I awaken this morning and pass the WWI medals hanging in my hallway, remembering it is Veteran’s Day, commemorating the morning of November 11th, 1918, “Armistice Day”. That was the morning when the church bells tolled across Europe and America for the ending of the “Great War”. On that morning, my grandmother’s bloodied, muddied boots still crossed between the tents that housed the wounded soldiers, who still died, long after the treaty was signed to mark the end of the fighting. My grandfather didn’t die in the trenches of France, but his lungs bore the damage from mustard gas for the rest of his life.
Though everyone thought the last of the wars had been fought, less than thirty years later there were men and women dying by the tens of thousands yet again in another World War. My father served as a radio operator over countless bombing missions while stationed in England during WWII. He survived but had the guilt that many soldiers do, after living when so many of their fellow countrymen died on either side of them, and I think that contributed to some of the recklessness in his life.
My stepson carries a very large caliber bullet on his key chain, the one that missed his vital organs by only millimeters as he flew a helicopter over Afghanistan during his third tour of duty overseas. He lives his life differently, recognizing the gift he has been given by surviving, to see his children grow up. He now works tirelessly as a researcher in making sure that the body armor is tested and accurate and protects his fellow soldiers.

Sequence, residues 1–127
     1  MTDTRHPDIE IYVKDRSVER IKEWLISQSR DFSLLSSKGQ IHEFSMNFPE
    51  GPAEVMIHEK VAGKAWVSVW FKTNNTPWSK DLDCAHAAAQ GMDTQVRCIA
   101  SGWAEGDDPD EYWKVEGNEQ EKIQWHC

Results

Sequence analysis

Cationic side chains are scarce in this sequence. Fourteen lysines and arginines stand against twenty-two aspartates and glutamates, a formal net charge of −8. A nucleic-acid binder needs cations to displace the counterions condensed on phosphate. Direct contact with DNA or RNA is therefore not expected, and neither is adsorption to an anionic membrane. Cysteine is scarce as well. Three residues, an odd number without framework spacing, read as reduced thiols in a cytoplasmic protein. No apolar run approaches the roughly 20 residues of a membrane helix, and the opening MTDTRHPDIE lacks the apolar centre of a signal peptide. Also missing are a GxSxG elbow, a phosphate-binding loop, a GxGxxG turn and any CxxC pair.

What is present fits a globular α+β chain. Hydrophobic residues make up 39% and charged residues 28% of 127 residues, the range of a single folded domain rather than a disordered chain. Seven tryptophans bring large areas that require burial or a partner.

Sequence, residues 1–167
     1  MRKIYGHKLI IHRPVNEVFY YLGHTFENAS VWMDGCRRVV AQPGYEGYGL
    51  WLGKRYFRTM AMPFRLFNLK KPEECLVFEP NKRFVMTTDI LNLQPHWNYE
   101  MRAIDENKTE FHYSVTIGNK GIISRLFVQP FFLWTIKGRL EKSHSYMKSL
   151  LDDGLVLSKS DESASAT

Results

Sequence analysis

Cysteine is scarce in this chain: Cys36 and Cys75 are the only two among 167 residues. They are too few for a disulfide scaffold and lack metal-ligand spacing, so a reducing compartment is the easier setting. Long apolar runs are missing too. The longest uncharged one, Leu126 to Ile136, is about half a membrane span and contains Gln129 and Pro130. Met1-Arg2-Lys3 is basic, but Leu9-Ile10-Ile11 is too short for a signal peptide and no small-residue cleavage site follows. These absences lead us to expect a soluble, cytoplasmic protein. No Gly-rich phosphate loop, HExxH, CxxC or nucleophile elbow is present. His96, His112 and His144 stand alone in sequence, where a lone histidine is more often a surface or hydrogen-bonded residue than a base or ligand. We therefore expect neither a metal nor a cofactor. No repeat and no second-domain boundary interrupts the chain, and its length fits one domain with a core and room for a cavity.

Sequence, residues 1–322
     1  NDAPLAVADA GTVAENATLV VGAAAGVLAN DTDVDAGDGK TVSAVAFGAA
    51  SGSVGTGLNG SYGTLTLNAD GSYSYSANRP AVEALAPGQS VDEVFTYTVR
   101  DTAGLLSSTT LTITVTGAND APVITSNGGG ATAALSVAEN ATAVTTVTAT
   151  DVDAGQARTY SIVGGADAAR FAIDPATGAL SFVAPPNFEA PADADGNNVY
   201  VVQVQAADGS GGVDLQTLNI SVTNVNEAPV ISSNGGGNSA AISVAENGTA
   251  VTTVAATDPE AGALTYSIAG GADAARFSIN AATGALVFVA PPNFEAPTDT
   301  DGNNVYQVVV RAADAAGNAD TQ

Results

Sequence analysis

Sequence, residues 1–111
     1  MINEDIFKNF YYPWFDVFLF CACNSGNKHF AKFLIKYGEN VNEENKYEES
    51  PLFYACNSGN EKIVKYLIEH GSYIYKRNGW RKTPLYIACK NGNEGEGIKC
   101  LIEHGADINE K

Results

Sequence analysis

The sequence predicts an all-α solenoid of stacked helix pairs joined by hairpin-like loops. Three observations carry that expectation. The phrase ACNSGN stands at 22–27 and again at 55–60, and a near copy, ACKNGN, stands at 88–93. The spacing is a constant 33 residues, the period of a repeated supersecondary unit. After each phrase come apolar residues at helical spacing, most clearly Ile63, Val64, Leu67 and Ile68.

Nurses and soldiers survive the battles, but are scarred for the remainder of their lives by the experience of war. Trauma marks a person, often defining them in ways that the mundane can’t. I hear countless stories from my dying patients, how they learned to live their life in a meaningful way after surviving catastrophic events in their life. These are the experiences that mold us, change us, temper us, and teach us wisdom.
I remember today, and am very thankful for all the heroes; the countless men and women who died serving their country, and also those who have lived to be the survivors and teach us to live each day as though it was our last, recognizing the precious gift of life.